The teachers that matter

I realize that I don’t often talk about teachers or pre-college math and science education on this blog, but today I’m making an exception.  You see, today is my grandmother’s birthday, and it feels only fitting to reflect on one of the most wonderful educator’s I have ever known.

My grandmother was my first official teacher.  She home schooled me in Kindergarten, and then started a school that I went to for all of elementary school.  Some of my readers went their as well, and some sent their children there.  I’m sure they’d all agree with me….she was an unforgettable teacher, the kind of person every child should have to guide them early on.
She had high expectations for every child she met, and was one of those people who brought out the best in all the children she encountered.  She believed every child was special, and had a peculiar brand of discipline that helped convey this.  With just a quick look she could make you feel embarrassed that you’d stepped out of line.  “I know you’re a good and smart child” her eyes would say “and when you do things like that you don’t live up to your potential”.  Her nature could calm the rowdiest of boys and the silliest of girls.  She knew the difference between a kid with too much energy and a real behavior problem, and she treated both with kindness.
She always pushed her students to explore a little more, read a longer book, do a harder math problem, go explore the world in new and interesting ways.  She put on the best darn science fairs for little kids I’ve ever seen.
I wish we had more teachers like my grandmother, people who truly love steering a child to discover new things.  It’s not only the best way to teach science, but really any subject.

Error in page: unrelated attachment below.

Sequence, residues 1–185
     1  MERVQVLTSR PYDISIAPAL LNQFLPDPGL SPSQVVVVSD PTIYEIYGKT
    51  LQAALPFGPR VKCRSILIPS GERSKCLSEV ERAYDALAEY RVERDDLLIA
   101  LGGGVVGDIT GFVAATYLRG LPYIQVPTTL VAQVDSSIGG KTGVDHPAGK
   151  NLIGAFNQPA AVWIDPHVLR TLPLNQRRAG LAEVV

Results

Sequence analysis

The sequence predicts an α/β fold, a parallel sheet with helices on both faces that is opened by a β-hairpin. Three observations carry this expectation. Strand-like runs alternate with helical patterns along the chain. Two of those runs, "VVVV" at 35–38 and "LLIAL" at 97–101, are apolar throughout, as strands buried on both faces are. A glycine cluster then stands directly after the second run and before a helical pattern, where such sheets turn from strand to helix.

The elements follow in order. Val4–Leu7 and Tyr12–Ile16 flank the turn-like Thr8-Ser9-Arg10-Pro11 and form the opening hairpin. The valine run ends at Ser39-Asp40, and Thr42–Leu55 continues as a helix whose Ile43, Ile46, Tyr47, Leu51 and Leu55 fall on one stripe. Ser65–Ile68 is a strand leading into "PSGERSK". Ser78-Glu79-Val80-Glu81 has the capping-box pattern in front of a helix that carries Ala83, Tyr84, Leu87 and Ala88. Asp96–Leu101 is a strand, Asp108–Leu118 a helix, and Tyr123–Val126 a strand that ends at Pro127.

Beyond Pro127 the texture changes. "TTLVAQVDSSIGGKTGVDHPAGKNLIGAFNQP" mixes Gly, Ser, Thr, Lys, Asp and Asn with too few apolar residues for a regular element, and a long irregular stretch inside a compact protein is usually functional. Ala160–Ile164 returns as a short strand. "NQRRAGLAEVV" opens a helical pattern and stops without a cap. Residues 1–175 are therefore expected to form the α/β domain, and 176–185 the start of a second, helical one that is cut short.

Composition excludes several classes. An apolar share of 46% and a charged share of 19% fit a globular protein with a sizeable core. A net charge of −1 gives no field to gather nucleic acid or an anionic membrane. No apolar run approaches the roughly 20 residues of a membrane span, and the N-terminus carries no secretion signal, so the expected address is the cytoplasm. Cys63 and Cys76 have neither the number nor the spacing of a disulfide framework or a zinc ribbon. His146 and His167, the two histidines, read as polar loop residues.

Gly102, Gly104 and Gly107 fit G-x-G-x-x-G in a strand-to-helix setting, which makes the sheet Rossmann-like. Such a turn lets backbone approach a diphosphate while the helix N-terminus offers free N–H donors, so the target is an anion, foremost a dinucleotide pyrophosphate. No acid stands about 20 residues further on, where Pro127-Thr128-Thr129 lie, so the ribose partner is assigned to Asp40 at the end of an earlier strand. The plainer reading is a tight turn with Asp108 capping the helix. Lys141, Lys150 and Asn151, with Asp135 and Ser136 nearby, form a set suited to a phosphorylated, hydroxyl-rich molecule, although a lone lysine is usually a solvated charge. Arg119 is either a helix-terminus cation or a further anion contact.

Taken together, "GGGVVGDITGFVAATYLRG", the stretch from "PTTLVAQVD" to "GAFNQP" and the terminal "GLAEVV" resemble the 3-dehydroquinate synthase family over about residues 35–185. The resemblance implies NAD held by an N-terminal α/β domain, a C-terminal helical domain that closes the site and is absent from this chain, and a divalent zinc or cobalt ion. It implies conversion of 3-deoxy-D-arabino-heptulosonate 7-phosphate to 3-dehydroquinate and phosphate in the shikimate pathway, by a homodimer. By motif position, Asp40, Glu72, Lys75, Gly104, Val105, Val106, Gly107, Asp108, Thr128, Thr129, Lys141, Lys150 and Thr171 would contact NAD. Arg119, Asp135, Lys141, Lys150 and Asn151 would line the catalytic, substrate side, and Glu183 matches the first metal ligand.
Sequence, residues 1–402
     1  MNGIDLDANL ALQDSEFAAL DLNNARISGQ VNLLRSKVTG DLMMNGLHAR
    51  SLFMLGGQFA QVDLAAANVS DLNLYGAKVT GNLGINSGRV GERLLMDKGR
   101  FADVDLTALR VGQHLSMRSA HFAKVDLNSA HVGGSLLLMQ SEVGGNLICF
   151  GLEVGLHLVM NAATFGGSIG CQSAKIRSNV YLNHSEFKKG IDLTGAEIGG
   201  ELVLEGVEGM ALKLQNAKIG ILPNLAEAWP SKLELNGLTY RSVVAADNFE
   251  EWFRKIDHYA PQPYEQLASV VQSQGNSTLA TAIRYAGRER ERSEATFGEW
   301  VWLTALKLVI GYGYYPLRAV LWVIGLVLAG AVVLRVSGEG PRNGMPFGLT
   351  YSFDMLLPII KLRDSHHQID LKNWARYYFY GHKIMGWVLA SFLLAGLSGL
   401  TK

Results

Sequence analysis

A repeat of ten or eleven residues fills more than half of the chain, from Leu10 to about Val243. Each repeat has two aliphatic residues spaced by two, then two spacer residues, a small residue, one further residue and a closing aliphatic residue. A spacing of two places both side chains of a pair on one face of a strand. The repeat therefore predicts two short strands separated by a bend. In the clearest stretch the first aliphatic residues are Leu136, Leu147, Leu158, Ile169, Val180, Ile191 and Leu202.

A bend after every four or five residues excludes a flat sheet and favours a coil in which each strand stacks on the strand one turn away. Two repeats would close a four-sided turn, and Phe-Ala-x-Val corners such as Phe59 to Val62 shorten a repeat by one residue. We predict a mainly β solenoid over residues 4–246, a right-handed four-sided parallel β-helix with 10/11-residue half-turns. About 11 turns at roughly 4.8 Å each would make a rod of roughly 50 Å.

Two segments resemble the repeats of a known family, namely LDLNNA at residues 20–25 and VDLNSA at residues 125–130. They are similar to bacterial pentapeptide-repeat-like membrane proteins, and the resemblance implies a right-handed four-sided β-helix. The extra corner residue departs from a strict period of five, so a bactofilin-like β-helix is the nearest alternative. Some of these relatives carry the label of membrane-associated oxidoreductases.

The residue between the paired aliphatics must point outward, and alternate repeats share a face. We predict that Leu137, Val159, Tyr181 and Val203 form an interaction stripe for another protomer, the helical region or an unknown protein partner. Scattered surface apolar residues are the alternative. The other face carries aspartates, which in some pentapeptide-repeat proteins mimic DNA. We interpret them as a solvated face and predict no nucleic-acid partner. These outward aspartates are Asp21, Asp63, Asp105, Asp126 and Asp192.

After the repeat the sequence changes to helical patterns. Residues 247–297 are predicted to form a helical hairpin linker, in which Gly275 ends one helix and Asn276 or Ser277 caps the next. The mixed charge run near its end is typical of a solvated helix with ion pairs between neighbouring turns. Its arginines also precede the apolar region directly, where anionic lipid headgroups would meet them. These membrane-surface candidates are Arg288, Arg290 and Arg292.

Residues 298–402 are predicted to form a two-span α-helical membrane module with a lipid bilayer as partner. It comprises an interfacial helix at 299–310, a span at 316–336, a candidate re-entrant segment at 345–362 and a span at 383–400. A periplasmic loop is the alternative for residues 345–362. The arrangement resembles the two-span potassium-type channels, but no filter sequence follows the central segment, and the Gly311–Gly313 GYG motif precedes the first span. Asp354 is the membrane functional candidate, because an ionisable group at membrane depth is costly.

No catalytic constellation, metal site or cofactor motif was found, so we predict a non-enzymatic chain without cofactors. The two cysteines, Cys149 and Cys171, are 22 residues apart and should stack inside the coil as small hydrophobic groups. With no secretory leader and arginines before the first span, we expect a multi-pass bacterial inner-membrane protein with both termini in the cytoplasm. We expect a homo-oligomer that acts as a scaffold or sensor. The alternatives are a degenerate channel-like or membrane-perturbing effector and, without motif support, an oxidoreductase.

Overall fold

So happy birthday Grammie, may your day be filled with joy and thank yous from the many people you’ve taught over the years….including all 5 children, 12 grandchildren, and 6 great grand children.
Also, maybe next year get call waiting?  This is the second year in a row I have made 3+ attempts to get through with no success.

3 thoughts on “The teachers that matter

  1. I have said before, and will say here, that my son Benjamin was in the finest elementary school in the State of NH K-6. Ruth was his teacher in 1st grade, and the stories from that school are still family legends here.

    In particular, the yearly science fairs, which not many schools do any more (and certainly not small schools of less than 100) allowed Ben to become Ben. And anchoring the triad of he, Tim, and Jamie that whomped the older classes in Bible Baseball (including yours, I might say), taught him that his sort of mind might actually be useful for something.

    Irreplaceable.

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  2. I think Ben's the type of kid she was best for. I can see that other teachers might have tried to fix the quirkiness. Same goes for my brother…he would have been tied to a chair in many classrooms. She was good at just helping kids natural talents come out.

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  3. Several years ago I had a restaurant meal with a childhood friend who was in town on business. The conversation went on for hours. Among other things we discussed our elementary school teachers. A fellow customer came up to us to inform us that as she was a teacher,she appreciated hearing the stories about our teachers.

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